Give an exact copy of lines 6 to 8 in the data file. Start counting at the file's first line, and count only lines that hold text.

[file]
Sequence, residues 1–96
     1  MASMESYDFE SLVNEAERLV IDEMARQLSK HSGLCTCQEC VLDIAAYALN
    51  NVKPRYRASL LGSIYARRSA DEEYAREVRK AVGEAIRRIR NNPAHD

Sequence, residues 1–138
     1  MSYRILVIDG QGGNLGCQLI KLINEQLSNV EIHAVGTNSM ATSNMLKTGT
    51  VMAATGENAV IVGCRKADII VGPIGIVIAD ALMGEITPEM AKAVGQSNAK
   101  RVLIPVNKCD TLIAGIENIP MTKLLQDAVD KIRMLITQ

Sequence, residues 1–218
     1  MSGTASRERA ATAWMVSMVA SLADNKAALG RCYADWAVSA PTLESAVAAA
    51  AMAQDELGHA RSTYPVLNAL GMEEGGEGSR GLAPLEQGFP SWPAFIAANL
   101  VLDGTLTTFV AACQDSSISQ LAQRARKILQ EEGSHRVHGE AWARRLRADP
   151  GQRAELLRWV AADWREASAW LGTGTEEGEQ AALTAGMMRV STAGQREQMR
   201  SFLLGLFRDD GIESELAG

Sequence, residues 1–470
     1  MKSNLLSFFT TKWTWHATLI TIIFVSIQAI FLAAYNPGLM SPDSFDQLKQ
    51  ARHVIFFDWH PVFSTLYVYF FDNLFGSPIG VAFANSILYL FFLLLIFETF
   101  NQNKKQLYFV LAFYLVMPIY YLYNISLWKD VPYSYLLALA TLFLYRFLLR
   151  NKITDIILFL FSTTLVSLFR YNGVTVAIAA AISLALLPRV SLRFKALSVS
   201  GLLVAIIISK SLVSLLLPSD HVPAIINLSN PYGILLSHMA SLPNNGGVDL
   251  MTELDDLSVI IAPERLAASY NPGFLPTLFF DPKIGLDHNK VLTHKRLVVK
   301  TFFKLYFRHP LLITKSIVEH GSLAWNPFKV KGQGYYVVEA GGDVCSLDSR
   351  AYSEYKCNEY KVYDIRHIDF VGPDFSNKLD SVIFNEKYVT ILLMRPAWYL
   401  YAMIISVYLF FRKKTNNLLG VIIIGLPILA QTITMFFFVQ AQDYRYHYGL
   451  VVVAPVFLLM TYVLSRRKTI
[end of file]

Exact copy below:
    51  VMAATGENAV IVGCRKADII VGPIGIVIAD ALMGEITPEM AKAVGQSNAK
   101  RVLIPVNKCD TLIAGIENIP MTKLLQDAVD KIRMLITQ

Sequence, residues 1–218